Sussex Dragonfly Group

Southern Migrant Hawker (Blue-eyed Hawker)
Aeshna affinis Vander Linden, 1820
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Suborder: Anisoptera
Family: Aeshnidae

Southern Migrant Hawker
(Blue-eyed Hawker)
Aeshna affinis

Suborder: Anisoptera
Family: Aeshnidae

The male of this migrant species is a very bright blue including its eyes from which it gets its alternative name of ‘Blue-eyed Hawker’. It is a very recent colonist of ditches in certain river valleys and marshy areas within Sussex.

Aeshna affinis
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young male
Photo: Simon Linington
Aeshna affinis
2 / 7
female
Photo: David Sadler
Aeshna affinis
3 / 7
male
Photo: David Sadler
Aeshna affinis
4 / 7
male
Photo: David Sadler
Aeshna affinis
5 / 7
male
Photo: David Sadler
Aeshna affinis
6 / 7
male
Photo: Simon Linington
Aeshna affinis
7 / 7
mating
Photo: David Sadler

More images

National status
There was just a single confirmed record during the twentieth century (in 1952). There were then four in southern England during 2006 and in 2010 many individuals were seen in south Essex and north Kent, with oviposition being noted at two sites ( BDS website). Since then the species has spread along considerable stretches of coastal East Anglia and southern England as far as Poole with outlying records from Cornwall, the Bristol Channel and the Lancashire and Yorkshire coasts.

Status in Sussex
This species was not even mooted as a potential colonist in the Dragonflies of Sussex (2004). An adult was reported from Shoreham on 13 July 2006. There were then no records until a male at Southease on 22 August 2015 was found by Richard Mundy and later by Jon Curson. There were then subsequent records in 2018 from the Ouse valley between Southease and Rodmell, West Rise Marsh (Eastbourne) and Rye Harbour. In 2019, there was further expansion to the Knepp Estate, Fairlight, Winchelsea and Pevensey Level. Since then consolidation has continued.

Distribution at 1km scale

Aeshna affinis distribution (all)
Aeshna affinis distribution pre 1980
Aeshna affinis distribution 1980 - 1989
Aeshna affinis distribution 1990 - 1999
Aeshna affinis distribution 2000 - 2009
Aeshna affinis distribution 2010 - 2019
Aeshna affinis distribution 2010 on

Flight times
Preliminary records indicate that it is primarily to be seen from mid June into mid August.

Phenology (adult)

Aeshna affinis phenology (all)
Aeshna affinis phenology pre 1980
Aeshna affinis phenology 1980 - 1989
Aeshna affinis phenology 1990 - 1999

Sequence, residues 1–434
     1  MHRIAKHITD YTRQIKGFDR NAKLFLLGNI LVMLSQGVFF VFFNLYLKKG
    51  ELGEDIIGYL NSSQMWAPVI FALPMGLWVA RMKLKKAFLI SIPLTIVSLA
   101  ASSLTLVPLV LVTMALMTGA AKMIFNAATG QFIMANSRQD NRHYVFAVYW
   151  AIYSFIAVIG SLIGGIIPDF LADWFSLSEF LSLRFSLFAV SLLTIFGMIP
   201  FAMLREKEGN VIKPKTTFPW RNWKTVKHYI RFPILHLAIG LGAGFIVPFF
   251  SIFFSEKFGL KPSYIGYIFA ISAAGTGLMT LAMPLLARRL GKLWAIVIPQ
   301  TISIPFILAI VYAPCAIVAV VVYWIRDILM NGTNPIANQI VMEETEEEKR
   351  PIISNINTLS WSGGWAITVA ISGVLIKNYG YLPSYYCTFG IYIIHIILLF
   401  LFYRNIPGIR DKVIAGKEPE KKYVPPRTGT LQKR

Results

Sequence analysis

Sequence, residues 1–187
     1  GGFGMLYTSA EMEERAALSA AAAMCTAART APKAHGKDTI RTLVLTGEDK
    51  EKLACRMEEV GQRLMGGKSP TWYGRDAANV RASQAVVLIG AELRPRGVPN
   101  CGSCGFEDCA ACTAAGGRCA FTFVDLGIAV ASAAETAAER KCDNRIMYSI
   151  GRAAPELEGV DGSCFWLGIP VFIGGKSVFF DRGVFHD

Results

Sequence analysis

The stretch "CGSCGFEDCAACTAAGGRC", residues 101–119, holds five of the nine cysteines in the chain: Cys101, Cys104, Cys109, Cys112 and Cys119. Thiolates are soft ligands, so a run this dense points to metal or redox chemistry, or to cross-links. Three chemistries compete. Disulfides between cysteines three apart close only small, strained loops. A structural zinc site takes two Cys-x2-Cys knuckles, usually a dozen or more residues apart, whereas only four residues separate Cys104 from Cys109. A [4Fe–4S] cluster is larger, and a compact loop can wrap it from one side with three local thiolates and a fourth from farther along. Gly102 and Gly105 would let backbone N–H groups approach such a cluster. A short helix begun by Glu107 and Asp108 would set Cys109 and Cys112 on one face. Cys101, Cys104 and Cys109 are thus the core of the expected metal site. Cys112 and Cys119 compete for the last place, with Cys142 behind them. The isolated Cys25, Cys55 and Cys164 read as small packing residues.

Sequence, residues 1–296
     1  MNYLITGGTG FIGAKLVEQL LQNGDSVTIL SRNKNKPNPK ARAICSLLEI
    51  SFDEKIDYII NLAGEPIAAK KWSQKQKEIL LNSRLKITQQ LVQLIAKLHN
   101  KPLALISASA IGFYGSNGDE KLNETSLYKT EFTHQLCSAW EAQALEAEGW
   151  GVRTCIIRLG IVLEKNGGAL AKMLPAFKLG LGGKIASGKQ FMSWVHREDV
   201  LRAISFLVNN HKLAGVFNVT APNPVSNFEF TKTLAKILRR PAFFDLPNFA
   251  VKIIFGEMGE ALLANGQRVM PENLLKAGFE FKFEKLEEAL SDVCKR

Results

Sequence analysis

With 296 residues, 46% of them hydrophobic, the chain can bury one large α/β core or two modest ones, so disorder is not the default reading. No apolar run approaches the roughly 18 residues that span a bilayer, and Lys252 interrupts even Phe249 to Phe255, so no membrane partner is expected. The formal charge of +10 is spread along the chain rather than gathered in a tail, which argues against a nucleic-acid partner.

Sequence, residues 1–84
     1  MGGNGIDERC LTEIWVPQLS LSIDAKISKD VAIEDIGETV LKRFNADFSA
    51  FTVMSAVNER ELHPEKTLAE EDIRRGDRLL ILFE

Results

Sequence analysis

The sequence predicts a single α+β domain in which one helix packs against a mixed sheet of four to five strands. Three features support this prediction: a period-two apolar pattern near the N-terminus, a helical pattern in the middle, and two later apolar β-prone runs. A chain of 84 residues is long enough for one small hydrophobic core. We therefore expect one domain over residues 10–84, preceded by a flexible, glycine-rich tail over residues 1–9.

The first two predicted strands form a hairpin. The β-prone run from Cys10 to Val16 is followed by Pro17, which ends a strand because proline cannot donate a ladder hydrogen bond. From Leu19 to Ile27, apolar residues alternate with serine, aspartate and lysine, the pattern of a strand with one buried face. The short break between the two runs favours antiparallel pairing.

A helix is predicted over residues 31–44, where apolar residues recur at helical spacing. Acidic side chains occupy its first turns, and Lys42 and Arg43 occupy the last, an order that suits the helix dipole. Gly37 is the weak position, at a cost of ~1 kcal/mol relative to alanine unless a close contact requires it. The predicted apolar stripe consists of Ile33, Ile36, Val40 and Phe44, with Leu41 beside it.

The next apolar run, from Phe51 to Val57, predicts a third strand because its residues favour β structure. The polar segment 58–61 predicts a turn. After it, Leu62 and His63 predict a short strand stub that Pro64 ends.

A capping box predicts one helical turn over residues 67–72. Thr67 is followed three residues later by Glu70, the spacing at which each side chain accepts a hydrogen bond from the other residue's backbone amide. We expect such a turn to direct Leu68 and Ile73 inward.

Aeshna affinis phenology 2000 - 2009
Aeshna affinis phenology 2010 - 2019
Aeshna affinis phenology 2010 on
Aeshna affinis habitat
1 / 1
Southern Migrant Hawker habitat at Ouse Valley near Rodmell
Photo: Simon Linington

Habitat
Damp reedy ditches. Surprisingly, after post-emergent dispersal, individuals have been found in woodland e.g., Knowlands Wood near Barcombe in both 2020 (two) and 2021 (four).

Similar species
The potential confusion species are discussed under Southern Hawker (where there is a photographic comparison).

The male of this migrant species is a very bright blue including its eyes from which it gets its alternative name of ‘Blue-eyed Hawker’. It is a very recent colonist of ditches in certain river valleys and marshy areas within Sussex.

Aeshna affinis
1 / 7
young male
Photo: Simon Linington
Aeshna affinis
2 / 7
female
Photo: David Sadler
Aeshna affinis
3 / 7
male
Photo: David Sadler
Aeshna affinis
4 / 7
male
Photo: David Sadler
Aeshna affinis
5 / 7
male
Photo: David Sadler
Aeshna affinis
6 / 7
male
Photo: Simon Linington
Aeshna affinis
7 / 7
mating
Photo: David Sadler

National status
There was just a single confirmed record during the twentieth century (in 1952). There were then four in southern England during 2006 and in 2010 many individuals were seen in south Essex and north Kent, with oviposition being noted at two sites ( BDS website). Since then the species has spread along considerable stretches of coastal East Anglia and southern England as far as Poole with outlying records from Cornwall, the Bristol Channel and the Lancashire and Yorkshire coasts.

Status in Sussex
This species was not even mooted as a potential colonist in the Dragonflies of Sussex (2004). An adult was reported from Shoreham on 13 July 2006. There were then no records until a male at Southease on 22 August 2015 was found by Richard Mundy and later by Jon Curson. There were then subsequent records in 2018 from the Ouse valley between Southease and Rodmell, West Rise Marsh (Eastbourne) and Rye Harbour. In 2019, there was further expansion to the Knepp Estate, Fairlight, Winchelsea and Pevensey Level. Since then consolidation has continued.

Distribution at 1km scale

Aeshna affinis distribution (all)
Aeshna affinis distribution bre 1980
Aeshna affinis distribution 1980 - 1989
Aeshna affinis distribution 1990 - 1999
Aeshna affinis distribution 2000 - 2009
Aeshna affinis distribution 2010 - 2019
Aeshna affinis distribution 2020 on

Flight times
Preliminary records indicate that it is primarily to be seen from mid June into mid August.

Phenology (adult)

Aeshna affinis phenology (all)
Aeshna affinis phenology pre 1980
Aeshna affinis phenology 1980 - 1989
Aeshna affinis phenology 1990 - 1999
Aeshna affinis phenology 2000 - 2009
Aeshna affinis phenology 2010 - 2019
Aeshna affinis phenology 2020 on
Aeshna affinis habitat
1 / 1
Southern Migrant Hawker habitat at Ouse Valley near Rodmell
Photo: Simon Linington

Habitat
Damp reedy ditches. Surprisingly, after post-emergent dispersal, individuals have been found in woodland e.g., Knowlands Wood near Barcombe in both 2020 (two) and 2021 (four).

Similar species
The potential confusion species are discussed under Southern Hawker (where there is a photographic comparison).